“Thanks to his parents’ considerable influence, Elio’s life is one full of art and culture, not to mention a liberal attitude towards life in general.”
Watching Luca Guadagnino’s Call Me By Your Name instantly had me casting my mind back to Abdellatif Kechiche’s 2013 masterpiece, Blue is the Warmest Colour, and whilst the two films stand at polar opposite ends of the human sexuality spectrum, the similarities between them are nevertheless plentiful and obvious. Most notably, both films have rightly been lavished with much deserved praise since their respective releases.
Set in the dreamy tranquility of small village life in 1980’s Italian Lombardy, Call Me By Your Name – based upon an acclaimed André Aciman novel – tells of the sexual awakening of seventeen-year-old Elio Perlman (Timothée Chalamet), whose leisurely summer spent engrossed in his favourite pastimes – namely reading, swimming and transcribing music – is disrupted by the arrival of Oliver (Armie Hammer), a confident and charming American intern who has travelled to Italy in order to spend the summer months helping Elio’s father – a Professor in Greco-Roman studies, played by Michael Stuhlbarg.
Thanks to his parents’ considerable influence, Elio’s life is one full of art and culture, not to mention a liberal attitude towards life in general. Though seemingly happy enough idling his holiday away flirting with local girl and good friend, Marzia (a sweet turn by Esther Garrel), the tall American’s arrival on the scene is something of a head turner for young Elio, in a manner that he has never experienced before, and it soon puts into perspective exactly what his dalliances with Marzia had been – nothing but the horny fumblings of an inexperienced teenager.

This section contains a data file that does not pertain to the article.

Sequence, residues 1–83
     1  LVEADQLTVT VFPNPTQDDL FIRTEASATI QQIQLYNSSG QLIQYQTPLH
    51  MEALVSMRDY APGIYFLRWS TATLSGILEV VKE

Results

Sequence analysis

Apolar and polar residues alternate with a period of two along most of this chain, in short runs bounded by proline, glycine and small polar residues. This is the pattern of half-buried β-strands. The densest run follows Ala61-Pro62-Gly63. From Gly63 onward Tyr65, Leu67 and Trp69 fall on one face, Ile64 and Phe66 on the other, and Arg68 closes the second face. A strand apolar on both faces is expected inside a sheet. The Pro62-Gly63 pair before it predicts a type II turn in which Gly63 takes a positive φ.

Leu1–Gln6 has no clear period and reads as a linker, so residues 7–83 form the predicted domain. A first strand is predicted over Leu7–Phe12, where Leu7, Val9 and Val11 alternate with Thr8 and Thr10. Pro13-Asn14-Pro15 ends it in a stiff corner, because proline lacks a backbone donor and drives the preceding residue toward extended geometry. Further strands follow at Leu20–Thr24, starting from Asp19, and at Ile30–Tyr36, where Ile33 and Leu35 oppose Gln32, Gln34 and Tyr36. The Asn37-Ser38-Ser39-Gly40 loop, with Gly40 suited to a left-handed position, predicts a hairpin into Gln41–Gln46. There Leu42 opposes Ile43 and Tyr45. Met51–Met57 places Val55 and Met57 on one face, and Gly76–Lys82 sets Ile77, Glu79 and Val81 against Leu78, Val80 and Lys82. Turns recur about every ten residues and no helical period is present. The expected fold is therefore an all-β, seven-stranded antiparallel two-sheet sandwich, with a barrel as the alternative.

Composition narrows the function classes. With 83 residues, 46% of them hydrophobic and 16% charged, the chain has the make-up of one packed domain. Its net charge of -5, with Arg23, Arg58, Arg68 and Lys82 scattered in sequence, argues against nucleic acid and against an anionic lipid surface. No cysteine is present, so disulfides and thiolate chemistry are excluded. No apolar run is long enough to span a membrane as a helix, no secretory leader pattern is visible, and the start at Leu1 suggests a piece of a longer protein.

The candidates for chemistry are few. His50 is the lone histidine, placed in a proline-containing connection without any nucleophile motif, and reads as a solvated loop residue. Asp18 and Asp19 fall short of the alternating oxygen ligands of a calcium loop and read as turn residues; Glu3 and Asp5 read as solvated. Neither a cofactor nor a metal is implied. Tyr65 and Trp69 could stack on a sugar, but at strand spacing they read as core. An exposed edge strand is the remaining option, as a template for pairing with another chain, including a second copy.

Before long Elio and Oliver are getting to know each other better through their shared appreciation of summer outdoor pursuits, and in doing so, Elio is soon awakened to the true nature of his own sexuality.
But such carefree unstructured halcyon days they never last, and come summer’s end, Elio may well have experienced the giddy rush of first love, but must also face the crushing inevitability of heartbreak.
In some ways, Call Me By Your Name seems to exist in a sort of dreamy alternative reality. Exquisitely shot, it captures quite beautifully those sun-drenched peaceful, seductive Northern Italian summers when time and schedule bend and flex indeterminately and are of little importance. For Elio these are the unforgettable times in which initial shy lingering glances magically transform into steamy embraces and where new ‘innovative’ uses are found for the ripest of low-hanging orchard fruits!
In Armie Hammer and Timothée Chalamet, Guadagnino’s film boasts two actors demonstrating the most natural of on-screen chemistry, and whose burgeoning relationship develops into something intense and crucially, thoroughly believable.
Whether one connects fully with the subject matter of Luca Guadagnino’s coming-of-age drama or on just a fleetingly curious level, it is indisputable that Call me by your Name is a film whose soulful illustration of awakening love, passion and desire is one that effortlessly crosses all barriers and divides.